Academic publishing is changing: Traditionally academic publications mostly came from non-profit scholarly associations and university presses. Some organizations started to acquire and aggregate many journals into databases, organizations such as Elsevier, Wiley-Blackwell, JSTOR. These databases were funded by academic institutions and only available to those subscribing institutions. Further than this, academic publishing is going more “open.” New publishers are being created to explicitly allow open-access and bulk access such as the Public Library of Science. Their open access journals end up being cited more often and this openness explicitly allow research results using “datamining” techniques. Many universities made all future professors’ articles open access, except when specifically requested not to.
Datamining academic research as academic research: Datamining academic publications is popular now because modern computers make it easy and the results are novel and publishable. This involves collecting masses of journal articles so that they can be analyzed by computer programs to find statistical patterns. This is different from individuals reading a paper at a time. Biology and medicine is especially helped by this, but it is now going on in humanities and law research. Larry Lessig wrote:
While at Stanford, Swartz had worked with a law student to download all the law review articles in the Westlaw database, to map funders of research with research conclusions. The result of that research was published in the Stanford Law Review, and showed a troubling connection between funders and their conclusions. At the time of Aaron’s alleged “crime,” he was a fellow at my Center at Harvard. The work of the Center? Studying the corruption of academic research (among other institutions) caused by money.
Bulk downloading or “crawling”: Bulk downloading is now done for various reasons, and those libraries with large collections take various positions on it and express these positions in Terms of Service and robot exclusions. “Robots” or “crawlers” in this context are computer programs that do repetitive actions like downloading many documents from a website. Some such users are search engines, some are backing-up materials, some doing new research such as visualizing data, some building different interfaces to the full dataset (like freebase reuse of wikipedia), or even enabling others to more easily download in bulk. Most datasets have some sort of licenses involved, so there is some nervousness on the part of the providers to explicitly allow all bulk downloading (for instance of Amazon.com’s book catalog data which is licensed from many players), but in general people are becoming more comfortable with the re-purposing of their data as it becomes more common.
The Internet Archive is regularly crawled. We try to make our systems strong enough to serve these loads, and sometimes try to get robots to slow down. We get hit with spam all the time, and occasional denial of service attacks. But we haven’t called the police– we deal with it. As a library we try to serve as many users as we can and some of those users are robots.
Open Data is a raising trend supported by government agencies and libraries. Open Data is bulk data that is specifically licensed for datamining, graphing, and linking to other open data. This is the minority of databases, but it is growing in importance. I bring this up because it shows a trend towards openness and datamining.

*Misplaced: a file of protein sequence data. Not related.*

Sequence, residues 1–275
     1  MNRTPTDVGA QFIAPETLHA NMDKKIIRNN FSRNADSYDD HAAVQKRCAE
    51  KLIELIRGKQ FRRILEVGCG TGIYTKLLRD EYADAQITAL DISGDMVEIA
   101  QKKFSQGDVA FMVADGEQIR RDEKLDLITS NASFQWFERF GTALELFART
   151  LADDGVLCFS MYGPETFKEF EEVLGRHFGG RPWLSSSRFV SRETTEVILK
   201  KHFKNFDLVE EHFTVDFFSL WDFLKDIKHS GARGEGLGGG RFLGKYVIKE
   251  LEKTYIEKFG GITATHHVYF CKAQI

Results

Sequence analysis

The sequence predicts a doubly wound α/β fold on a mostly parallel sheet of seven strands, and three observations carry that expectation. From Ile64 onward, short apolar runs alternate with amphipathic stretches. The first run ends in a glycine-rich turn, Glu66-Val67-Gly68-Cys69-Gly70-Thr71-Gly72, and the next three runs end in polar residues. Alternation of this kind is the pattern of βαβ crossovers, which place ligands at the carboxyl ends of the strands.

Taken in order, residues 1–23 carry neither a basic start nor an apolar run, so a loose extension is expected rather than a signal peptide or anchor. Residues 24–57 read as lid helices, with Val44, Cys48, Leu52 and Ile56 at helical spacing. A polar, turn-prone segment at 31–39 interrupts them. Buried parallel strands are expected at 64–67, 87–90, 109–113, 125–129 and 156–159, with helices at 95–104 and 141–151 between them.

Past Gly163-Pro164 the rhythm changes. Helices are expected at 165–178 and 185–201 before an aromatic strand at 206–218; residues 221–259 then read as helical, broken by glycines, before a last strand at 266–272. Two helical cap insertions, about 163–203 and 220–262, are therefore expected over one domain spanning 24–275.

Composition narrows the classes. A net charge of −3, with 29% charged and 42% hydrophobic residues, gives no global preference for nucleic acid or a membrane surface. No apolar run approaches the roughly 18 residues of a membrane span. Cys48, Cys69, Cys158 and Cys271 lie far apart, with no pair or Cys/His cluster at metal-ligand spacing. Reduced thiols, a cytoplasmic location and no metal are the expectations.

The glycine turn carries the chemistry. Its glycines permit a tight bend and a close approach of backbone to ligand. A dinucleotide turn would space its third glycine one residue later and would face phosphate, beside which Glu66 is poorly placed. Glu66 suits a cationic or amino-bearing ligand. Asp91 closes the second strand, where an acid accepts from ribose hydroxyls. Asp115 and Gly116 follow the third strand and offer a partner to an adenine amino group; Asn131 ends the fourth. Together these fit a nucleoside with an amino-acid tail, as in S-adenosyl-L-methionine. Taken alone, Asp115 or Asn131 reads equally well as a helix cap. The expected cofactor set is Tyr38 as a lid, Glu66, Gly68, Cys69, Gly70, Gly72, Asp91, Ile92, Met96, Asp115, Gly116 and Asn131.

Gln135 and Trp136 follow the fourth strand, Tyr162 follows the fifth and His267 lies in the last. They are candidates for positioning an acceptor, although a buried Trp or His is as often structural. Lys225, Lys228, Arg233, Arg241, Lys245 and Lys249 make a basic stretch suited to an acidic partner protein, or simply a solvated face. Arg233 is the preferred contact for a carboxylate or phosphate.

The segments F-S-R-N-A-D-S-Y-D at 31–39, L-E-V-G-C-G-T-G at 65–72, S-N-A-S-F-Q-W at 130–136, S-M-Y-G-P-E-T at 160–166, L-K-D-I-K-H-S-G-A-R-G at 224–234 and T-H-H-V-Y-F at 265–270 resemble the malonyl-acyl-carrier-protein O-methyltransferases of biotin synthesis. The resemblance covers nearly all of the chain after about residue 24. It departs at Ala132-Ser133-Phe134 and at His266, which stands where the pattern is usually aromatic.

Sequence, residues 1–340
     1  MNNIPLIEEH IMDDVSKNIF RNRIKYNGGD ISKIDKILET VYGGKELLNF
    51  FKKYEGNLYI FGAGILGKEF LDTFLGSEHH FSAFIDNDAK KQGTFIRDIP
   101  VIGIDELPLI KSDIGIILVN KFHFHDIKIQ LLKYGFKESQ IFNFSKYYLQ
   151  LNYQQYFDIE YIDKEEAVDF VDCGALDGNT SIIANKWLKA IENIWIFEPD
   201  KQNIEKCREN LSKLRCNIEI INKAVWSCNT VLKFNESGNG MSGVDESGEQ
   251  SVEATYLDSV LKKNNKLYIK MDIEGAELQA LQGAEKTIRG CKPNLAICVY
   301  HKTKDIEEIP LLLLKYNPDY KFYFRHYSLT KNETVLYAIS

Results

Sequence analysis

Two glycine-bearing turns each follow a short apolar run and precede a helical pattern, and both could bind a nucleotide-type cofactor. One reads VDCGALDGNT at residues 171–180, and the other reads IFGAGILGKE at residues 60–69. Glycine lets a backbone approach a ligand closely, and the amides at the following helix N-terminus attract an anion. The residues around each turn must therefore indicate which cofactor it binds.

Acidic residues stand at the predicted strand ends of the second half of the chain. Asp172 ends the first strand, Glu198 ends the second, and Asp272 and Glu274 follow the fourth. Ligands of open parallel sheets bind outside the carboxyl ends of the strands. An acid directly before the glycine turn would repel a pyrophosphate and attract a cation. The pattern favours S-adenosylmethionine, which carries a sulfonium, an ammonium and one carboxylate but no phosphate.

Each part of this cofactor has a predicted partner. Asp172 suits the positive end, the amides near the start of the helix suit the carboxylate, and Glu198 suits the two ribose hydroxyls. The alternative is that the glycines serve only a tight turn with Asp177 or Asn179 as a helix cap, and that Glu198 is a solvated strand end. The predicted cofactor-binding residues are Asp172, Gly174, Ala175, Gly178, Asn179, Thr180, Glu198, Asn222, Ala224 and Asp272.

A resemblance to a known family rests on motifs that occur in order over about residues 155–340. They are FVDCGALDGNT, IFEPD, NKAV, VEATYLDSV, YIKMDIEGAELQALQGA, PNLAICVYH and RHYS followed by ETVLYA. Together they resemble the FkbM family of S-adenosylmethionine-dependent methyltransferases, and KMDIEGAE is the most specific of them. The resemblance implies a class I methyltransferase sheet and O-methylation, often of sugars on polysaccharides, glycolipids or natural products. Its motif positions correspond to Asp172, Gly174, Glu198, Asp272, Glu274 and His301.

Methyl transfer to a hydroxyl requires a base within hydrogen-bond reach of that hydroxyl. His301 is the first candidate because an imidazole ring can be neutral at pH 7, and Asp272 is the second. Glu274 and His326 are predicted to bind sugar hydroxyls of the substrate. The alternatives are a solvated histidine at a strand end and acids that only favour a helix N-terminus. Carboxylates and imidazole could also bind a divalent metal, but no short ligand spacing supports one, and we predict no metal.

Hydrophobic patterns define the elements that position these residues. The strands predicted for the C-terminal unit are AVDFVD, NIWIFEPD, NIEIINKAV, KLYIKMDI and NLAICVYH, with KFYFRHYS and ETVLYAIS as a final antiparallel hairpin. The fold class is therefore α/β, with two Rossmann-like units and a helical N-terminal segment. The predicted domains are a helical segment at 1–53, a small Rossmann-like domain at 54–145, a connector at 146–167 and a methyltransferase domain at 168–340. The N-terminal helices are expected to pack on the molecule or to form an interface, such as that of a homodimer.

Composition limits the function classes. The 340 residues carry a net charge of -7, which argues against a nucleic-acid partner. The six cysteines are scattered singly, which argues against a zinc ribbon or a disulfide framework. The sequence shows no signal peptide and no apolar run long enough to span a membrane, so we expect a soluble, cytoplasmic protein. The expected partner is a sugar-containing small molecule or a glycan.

Terms of Service and Robots.txt files: These mostly invisible “agreements” that are often defensive documents to protect the organization from users and suppliers. These are regularly trodden on sometimes resulting in the providers instituting technological measures to slow down mass downloaders. I think of most Terms of Service as like an old joke about the Soviet Union: everything is illegal except when it is not. It is important to note that the specifics of many Terms of Service and robot exclusion files are regularly ignored by millions of people, and enforcement is ignored by millions of organizations. Enforcement is often very selectively applied.
Bulk Downloading, Aaron Swartz, and Terms of Service: putting this all together means that mass downloading is often not discouraged as long as it is done slowly enough, what most concerns providers, in our experience, is what is done with the materials after they are downloaded. Terms of Service documents are generally “CYA” documents in which it is difficult to communicate nuance– but we should recognize that violating them may not be “right”, but is common practice. Opening up library databases, including but not limited to public domain materials, to new types of research is important especially in academia. Most organizations are adapting to these new types of computational research opportunities but some will try to stop them. All in all we do not have a good way to draw lines of what is acceptable practice yet– it is all evolving. What I know of Aaron’s downloading old journal articles for later use is not outside of what many people do. What is unusual are the reactions on the part of JSTOR, MIT, and the US prosecutors.
What I am suggesting is we need a bit more slack in the system. We need to be able to talk things through before we turn to police and courts. We need to leave room for a new generation of people and ideas that may alter how our institutions work. No, more than that, we should welcome and encourage people and ideas that will alter how our institutions work.
Aaron helped many of us adapt our institutions’ services to the digital opportunities– let’s continue this important work.
Aaron Swartz Memorial at the Internet Archive, Part 1 (January 24, 2013)
November 8, 1986 – January 11, 2013
Jon Newton — myblogdammit